Jael Azzaretti soprano
 Jean-Sebestiene Bou baritone
 Jean Delescluse tenor
 Marcus Haddock tenor
 Jean-Philippe Marliere baritone
 Rene Massis baritone
 Jean-Claude Casadesus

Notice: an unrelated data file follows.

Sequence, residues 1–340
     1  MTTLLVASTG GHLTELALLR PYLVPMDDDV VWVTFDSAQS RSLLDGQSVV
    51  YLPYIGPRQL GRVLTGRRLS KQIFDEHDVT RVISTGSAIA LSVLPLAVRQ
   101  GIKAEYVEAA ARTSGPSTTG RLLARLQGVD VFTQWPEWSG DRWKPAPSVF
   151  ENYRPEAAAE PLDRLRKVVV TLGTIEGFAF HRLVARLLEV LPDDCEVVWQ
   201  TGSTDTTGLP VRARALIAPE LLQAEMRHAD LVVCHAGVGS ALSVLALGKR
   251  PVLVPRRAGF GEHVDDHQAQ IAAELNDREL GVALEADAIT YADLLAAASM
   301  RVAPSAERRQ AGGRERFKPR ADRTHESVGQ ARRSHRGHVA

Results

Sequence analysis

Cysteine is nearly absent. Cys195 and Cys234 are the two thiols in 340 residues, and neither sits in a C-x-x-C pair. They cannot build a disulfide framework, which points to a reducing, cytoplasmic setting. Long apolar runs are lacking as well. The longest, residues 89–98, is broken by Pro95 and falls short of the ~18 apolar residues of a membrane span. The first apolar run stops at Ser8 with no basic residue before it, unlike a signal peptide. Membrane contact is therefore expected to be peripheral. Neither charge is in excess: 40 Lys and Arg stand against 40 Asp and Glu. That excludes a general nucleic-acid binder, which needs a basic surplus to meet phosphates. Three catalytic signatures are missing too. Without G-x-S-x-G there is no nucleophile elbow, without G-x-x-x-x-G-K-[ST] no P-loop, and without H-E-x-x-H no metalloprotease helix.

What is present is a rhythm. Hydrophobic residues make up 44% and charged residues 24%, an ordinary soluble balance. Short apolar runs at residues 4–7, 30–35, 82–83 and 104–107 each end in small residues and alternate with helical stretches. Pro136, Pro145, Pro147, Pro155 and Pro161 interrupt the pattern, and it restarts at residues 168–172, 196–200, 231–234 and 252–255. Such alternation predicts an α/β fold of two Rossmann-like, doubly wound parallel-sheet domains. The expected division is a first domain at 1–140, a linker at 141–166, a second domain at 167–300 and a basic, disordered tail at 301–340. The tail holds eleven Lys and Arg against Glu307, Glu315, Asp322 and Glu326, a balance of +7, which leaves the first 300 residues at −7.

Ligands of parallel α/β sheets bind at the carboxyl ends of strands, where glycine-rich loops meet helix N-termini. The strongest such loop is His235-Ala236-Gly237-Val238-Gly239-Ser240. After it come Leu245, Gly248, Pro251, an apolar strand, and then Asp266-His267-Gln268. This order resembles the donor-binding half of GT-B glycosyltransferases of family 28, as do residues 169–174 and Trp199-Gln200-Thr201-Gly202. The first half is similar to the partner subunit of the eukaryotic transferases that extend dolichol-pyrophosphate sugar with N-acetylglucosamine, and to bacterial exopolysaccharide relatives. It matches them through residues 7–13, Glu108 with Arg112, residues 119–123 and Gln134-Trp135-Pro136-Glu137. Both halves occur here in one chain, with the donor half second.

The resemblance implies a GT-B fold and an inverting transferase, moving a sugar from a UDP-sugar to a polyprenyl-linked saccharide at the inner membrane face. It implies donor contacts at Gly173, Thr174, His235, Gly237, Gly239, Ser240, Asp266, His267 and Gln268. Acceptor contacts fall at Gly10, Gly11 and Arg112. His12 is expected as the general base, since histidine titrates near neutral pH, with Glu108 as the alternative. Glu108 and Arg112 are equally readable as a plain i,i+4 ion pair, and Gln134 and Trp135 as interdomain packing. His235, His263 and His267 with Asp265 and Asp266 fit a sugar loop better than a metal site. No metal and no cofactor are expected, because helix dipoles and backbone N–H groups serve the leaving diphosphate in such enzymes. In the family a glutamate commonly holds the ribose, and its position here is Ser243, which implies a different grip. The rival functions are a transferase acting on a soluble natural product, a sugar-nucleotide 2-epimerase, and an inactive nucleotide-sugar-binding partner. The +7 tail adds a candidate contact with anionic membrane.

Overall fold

Success came to Massenet through the support of his teacher at the Conservatoire, Ambroise Thomas, and of his enterprising publisher Georges Hartmann. In 1872 he won his first operatic triumph with the Victor Hugo adaptation Don César de Bazan, followed, in 1873 by the sacred drama Marie-Magdeleine, a choice of heroine that was characteristic in an age that made much of the repentance of a fallen woman. Manon, in 1884, established his position without question, although the next opera, Le Cid, staged at the Opéra in 1885, failed to please. The coincidence of a new libretto, based on a medieval romance, and a meeting with the young American soprano Sybil Sanderson, lay behind the opéra romanesque Esclarmonde, in which the title rô1e was designed to exploit the remarkable range and quality of the young prima donna. The work was staged at the Opéra-Comique in 1890 and impressed a Parisian audience increased by the Exhibition of 1889.